In times of need, manufacturing is driven by a philosophy John Lennon said best, “There are no problems, only solutions.” Today, manufacturers have pivoted to produce the critical supplies and equipment necessary to battle COVID-19 at a rate never seen before. SME’s Humans of Manufacturing Heroes Edition tells the stories of the teams, companies and partnerships adapting to produce the tools needed to fight this global pandemic. Going behind the scenes to share how these once-in-a-lifetime transformations are happening and the people making it all possible.
Just a few weeks ago, Alex Frost was looking to disrupt the floral industry, building a robotic arm to arrange roses, tulips and hyacinths.
Today, he’s trying to solve a more dire problem: how to design and rapidly mass produce an inexpensive ventilator to help ease shortages due to the global COVID-19 pandemic.
That’s the mission of Frost’s new nonprofit The Ventilator Project, which in the past three weeks has attracted hundreds of volunteers working around the clock to build a prototype that could breeze through the FDA approval process. In parallel, the group is in talks with major suppliers and manufacturers with plans to produce up to 60,000 units a month by the end of the summer.
“It feels like we are trying to build an Airbus in 30 days; something that usually takes a year, we're trying to compress to a month,” Frost said. “It's not something anyone would do under any other circumstances but we are cognizant that the need is immediate.”
With intensive care units and emergency departments raising alarm about shortages of ventilators to keep critically ill COVID-19 patients breathing, giant corporations and garage innovators alike are sprinting to find a solution. To help ramp up production, the U.S. Food and Drug Administration last month temporarily relaxed rules on medical device manufacturers, allowing for some modifications of materials and software, as well as quicker additions of new production lines.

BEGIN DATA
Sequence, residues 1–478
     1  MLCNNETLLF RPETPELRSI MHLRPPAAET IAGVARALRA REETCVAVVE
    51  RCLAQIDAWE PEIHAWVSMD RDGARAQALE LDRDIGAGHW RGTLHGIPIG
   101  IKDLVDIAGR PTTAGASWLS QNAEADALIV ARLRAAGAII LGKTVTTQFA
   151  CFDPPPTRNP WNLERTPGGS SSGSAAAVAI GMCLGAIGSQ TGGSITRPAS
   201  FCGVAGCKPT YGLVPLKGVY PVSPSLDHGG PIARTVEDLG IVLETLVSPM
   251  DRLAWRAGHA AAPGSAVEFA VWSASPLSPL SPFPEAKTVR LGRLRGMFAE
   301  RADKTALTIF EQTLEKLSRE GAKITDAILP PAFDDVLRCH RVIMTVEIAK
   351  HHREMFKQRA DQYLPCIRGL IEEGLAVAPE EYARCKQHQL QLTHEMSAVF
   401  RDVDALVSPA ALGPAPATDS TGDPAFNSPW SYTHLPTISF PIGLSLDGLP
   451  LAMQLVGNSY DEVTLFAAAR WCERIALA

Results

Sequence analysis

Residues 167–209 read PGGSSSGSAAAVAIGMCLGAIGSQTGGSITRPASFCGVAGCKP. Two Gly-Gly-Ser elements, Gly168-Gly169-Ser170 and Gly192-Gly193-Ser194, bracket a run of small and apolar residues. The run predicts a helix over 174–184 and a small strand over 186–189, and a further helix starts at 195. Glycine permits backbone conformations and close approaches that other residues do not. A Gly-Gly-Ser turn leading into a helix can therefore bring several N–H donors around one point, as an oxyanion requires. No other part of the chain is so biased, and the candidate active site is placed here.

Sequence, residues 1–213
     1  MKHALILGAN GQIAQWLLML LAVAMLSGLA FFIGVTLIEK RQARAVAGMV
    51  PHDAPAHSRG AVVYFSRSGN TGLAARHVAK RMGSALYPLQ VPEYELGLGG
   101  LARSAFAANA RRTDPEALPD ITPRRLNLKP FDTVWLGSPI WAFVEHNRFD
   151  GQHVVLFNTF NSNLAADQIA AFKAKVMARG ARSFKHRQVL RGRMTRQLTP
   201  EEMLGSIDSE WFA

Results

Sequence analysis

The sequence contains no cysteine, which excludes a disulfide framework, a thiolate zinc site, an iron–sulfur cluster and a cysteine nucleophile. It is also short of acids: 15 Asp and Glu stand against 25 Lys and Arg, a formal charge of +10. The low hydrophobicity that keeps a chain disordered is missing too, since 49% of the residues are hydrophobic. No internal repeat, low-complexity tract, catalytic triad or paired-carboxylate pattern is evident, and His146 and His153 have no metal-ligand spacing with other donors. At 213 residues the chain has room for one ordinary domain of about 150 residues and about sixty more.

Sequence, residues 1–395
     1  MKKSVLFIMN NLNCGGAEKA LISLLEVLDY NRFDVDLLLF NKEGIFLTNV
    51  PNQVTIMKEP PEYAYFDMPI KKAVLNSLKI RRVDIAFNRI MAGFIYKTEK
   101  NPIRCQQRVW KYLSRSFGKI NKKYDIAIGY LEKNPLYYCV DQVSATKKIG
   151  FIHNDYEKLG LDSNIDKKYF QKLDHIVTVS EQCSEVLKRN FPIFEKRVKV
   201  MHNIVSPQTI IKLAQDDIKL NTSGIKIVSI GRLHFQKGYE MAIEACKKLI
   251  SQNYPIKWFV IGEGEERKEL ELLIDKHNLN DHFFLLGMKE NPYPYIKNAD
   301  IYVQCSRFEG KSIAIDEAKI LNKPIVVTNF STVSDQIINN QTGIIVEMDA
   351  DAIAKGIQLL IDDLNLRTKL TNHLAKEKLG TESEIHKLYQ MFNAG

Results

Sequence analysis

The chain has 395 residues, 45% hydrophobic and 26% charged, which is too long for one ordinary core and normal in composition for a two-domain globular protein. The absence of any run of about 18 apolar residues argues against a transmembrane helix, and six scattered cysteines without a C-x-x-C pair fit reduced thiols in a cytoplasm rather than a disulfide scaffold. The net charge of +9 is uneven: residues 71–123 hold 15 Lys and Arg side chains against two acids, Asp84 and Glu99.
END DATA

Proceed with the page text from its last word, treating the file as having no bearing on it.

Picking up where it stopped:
Ford, General Motors, Dyson and Tesla pledged resources to make medical equipment, while engineers in Maryland have been converting unused breast pumps into breathing devices.
Hospitals in the United States have about 160,000 ventilators, according to the Center for Health Security at Johns Hopkins University. The Ventilator Project estimates that COVID-19 will cause a shortage of 600,000 ventilators in the U.S. alone—and that the global need is around 13 million units.
“It feels like we are trying to build an Airbus in 30 days; something that usually takes a year, we're trying to compress to a month.”
Frost is anchored at the startup incubabor MassRobotics, where he often brainstorms with Watertower Robotics CEO Tyler Mantel. When the pair first discussed the challenge of bringing a mechanical ventilator to market, the robotics engineers with experience in product development and prototyping quickly found themselves in familiar territory.
“It really, at the heart, is a robotic lung,” Frost said, noting that the project’s tagline is “Engineered to breath.” “So we said, let’s see if we can actually do some good here in terms of rapidly prototyping something that we could bring to market and get FDA approval.”
Mantel decided to cofound The Ventilator Project. He and Frost reached out to their network of engineers, entrepreneurs and CEOs and, in what seems like a nanosecond, the project created many unusual partnerships that would have seemed impossible before the pandemic. The team quickly grew to more than 240 people, including top executives from the largest Fortune-100 companies who have been volunteering after work, Mantel said.
“This outpouring of support has been impressive,” he said. “Everyone's here to solve the problem for humanity. It’s heartwarming and humbling.”
The Ventilator Project is intent on building a device specifically for COVID-19 patients that can be sold for as little as $5,000 compared with $40,000 for regular hospital equipment. To keep costs down, the team integrated supply chain and manufacturability into every level of the design process, thus reducing dependency on medical supply lines, Mantel said.
Instead, some elements of the ventilator are built with FDA-approved components that come from food and beverage and other industries that are not currently bottlenecked. For example, engineers have replaced a full regulator, which requires the federal agency’s medical certification, with a robotically controlled pinch valve.
The engineers are now putting finishing touches on a fourth prototype called Aira, with plans to pass the FDA’s emergency approval process within two weeks. Next, the team needs to raise $2.4 million to scale from 1,000 units a month to mass producing 60,000 ventilators a month by September. The nonprofit is working to set up a rapid-response supply chain made of commercial off-the-shelf components, as well as custom parts—for which it is still seeking manufacturing support.
“Sometimes in a really fast manufacturing approach, in order to get up to speed quickly we need to go back to the basics,” Mantel said, noting that the first round of the ventilators will be assembled by hand. “As we start to scale up and get something in true mass production quantities, that's where the smart manufacturing techniques start to come.”